The Factory of Facts
In recent years, American society has become accustomed to thinking in terms of “hyphenated” Americans, whether African, Asian, Latino, or other. While “Belgian- American” is not an ethnic category that springs readily to mind, Luc Sante’s The Factory of Facts is a unique first-person account of the contradictions, subtleties, and nuances of a life lived with exactly that ethnicity. The Brooklyn-based writer is a frequent contributor to The New York Review of Books and the author of Low-Life: Lures and Snares of Old New York (1990), one of the most fascinating and entertaining histories ever written of the dirty underbelly of New York City. An only child, he emigrated from Verviers, Belgium, with his parents in 1959. After settling briefly in Summit, New Jersey, the family returned to Belgium and then abruptly re-emigrated, resuming their New Jersey life in 1960.
Even Americans well-informed about Europe are likely to overlook Belgium. Brussels especially may be known today as a European political, military, and diplomatic capital and as a major embarkation point for travelers, but little of the country’s history and culture is known outside European circles. Even in Europe, “Belgian” is a designation that invites derision. Belgium has been a nation only since 1830, when Belgians gained their independence from the Austrian Hapsburgs. One of the few Western European nations to remain a constitutional monarchy, from its inception it has yoked together two major linguistic communities—Flemish and Walloon—whose relations in recent years have become more and more strained. Brussels persists as a somewhat anomalous Francophonic urban center cut off in Flanders, far removed from the impoverished Walloon (a quasi- Germanic French dialect) areas to the southeast bordering Germany, Luxembourg, and France.
Bearing these constraints in mind, Luc Sante calls the land of his birth an “artificial” country, observing furthermore that “Belgian” jokes circulate in Western Europe and occupy the kind of place that Polish jokes do in American folk culture. The celebrated British comedy troupe Monty Python once suggested as much in a characteristically outrageous skit. In it, Michael Palin presided as the smarmy host of a television game show in which the object of the contest was to think up derogatory terms or phrases for ethnic groups. The chosen target was “Belgians,” and the mere utterance of the word occasioned Palin’s snide chortling. The winning epithet, Palin exulted, was “bloody fat Belgian bastards!” Thunderous applause in response closed out the brief skit.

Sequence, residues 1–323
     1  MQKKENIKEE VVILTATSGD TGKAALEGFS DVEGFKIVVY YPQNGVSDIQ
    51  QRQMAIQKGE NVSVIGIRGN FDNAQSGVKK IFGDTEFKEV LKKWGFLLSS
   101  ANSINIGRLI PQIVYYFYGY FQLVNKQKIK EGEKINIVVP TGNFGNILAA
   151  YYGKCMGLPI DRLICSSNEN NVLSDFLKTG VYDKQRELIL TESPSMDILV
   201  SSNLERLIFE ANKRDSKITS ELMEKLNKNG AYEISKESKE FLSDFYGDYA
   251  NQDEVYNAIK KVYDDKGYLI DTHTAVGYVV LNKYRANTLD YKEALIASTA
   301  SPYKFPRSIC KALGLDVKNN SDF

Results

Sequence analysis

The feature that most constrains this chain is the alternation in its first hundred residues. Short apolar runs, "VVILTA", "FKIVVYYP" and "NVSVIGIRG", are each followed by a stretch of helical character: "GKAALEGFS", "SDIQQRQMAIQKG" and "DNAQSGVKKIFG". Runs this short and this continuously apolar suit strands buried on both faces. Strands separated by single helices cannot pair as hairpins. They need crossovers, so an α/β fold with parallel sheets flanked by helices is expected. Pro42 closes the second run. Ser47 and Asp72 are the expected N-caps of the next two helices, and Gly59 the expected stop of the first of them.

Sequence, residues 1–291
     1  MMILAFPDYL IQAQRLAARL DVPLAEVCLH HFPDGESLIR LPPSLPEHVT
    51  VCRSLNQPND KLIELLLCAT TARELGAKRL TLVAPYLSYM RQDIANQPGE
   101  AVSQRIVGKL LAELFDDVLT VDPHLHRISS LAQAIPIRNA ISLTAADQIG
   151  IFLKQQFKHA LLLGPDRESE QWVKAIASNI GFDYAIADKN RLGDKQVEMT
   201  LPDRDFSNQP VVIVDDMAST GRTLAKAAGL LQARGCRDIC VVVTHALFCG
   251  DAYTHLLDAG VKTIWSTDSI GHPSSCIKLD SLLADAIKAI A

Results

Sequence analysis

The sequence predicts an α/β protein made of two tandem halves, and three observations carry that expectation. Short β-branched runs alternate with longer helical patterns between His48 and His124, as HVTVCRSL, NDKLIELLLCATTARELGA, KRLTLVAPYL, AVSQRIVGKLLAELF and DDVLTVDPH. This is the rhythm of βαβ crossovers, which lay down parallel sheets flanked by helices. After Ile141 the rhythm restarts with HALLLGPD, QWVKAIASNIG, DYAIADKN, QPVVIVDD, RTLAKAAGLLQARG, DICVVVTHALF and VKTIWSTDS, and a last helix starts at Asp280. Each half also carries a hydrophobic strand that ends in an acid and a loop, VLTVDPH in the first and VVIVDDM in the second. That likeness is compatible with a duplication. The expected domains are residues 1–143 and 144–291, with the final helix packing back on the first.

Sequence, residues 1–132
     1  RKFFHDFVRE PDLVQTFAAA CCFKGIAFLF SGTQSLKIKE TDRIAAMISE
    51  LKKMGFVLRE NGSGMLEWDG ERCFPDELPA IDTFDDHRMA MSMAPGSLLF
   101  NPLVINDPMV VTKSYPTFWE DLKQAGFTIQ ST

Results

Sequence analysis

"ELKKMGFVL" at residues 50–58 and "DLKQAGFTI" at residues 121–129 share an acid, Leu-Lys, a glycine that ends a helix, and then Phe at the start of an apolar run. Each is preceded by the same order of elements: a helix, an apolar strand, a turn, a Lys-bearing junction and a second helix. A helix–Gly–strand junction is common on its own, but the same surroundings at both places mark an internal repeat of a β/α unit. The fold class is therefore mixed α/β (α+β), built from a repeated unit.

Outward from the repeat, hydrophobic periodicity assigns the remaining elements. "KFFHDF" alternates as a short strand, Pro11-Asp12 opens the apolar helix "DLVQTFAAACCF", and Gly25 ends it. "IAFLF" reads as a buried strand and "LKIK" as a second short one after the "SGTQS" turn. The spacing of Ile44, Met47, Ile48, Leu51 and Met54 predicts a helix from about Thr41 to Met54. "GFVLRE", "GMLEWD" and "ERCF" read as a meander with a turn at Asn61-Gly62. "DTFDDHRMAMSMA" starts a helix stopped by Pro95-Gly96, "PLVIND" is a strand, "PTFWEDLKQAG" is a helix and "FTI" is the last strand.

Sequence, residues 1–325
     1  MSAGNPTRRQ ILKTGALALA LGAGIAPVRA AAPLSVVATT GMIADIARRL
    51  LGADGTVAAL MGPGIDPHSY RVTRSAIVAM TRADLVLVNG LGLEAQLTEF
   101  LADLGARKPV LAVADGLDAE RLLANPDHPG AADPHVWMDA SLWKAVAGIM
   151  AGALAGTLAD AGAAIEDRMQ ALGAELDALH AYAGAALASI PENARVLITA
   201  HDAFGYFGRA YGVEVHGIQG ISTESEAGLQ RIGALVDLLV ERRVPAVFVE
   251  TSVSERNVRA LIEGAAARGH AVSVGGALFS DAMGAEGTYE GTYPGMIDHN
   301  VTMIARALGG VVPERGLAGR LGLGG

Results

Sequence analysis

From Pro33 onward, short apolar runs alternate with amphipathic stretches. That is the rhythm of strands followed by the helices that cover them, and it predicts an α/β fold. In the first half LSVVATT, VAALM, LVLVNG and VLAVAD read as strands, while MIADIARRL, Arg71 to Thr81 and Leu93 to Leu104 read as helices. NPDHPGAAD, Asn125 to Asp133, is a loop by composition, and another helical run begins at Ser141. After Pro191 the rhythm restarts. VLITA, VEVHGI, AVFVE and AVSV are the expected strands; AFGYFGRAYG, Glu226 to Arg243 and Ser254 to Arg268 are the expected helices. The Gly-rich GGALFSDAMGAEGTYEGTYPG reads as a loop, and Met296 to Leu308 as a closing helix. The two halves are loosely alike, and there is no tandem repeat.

Perhaps the heavy Belgian cuisine was behind the joke. As many who have been to Belgium will, Sante associates the country with fried potatoes—especially twice-fried frites served in paper cones with mayonnaise on the side, the omnipresent buttered slices of bread with various toppings called tartines, and strong, heavy beer brewed by Trappist monks. Food is also at the center of many of the instances of culture shock Sante describes in his family’s first forays into American supermarkets, as they encountered such delights as iceberg lettuce, “Chef Boy-ar-dee” canned spaghetti in sauce, or the salty club soda that was the closest approximation they could locate of eau gazeuse, the effervescent bottled water considered a staple by Belgian and French families.
Despite the insults to their palates provided by mass-produced American groceries, the Sante family experienced life in their new world as a rise in class status, even if the riches of the late Eisenhower-era United States did not quite live up to the supercharged fantasies of the Belgian imagination back home. The author conveys the sense that their ancestral home, in the eastern end of the Ardennes region, is something like the West Virginia of Belgium, with a longstanding poverty and bleakness exacerbated by the hardships of the post-World War Two era. Verviers is a small city not far from the German border and due north of Luxembourg. To many Americans, this region is best remembered as the locale of the epic Battle of the Bulge in 1944.
Whatever the hardships of the old country, Sante’s parents did not necessarily embrace all aspects of their adopted land. The stereotype applied to earlier generations of immigrants has been that they urged their children to immerse themselves in the new culture. Sante’s parents, however, remained skeptical and critical regarding many features of American life. They were appalled by the level of education their son was receiving, which seemed infantile in comparison with what he would have learned at a comparable stage in Belgium. His...
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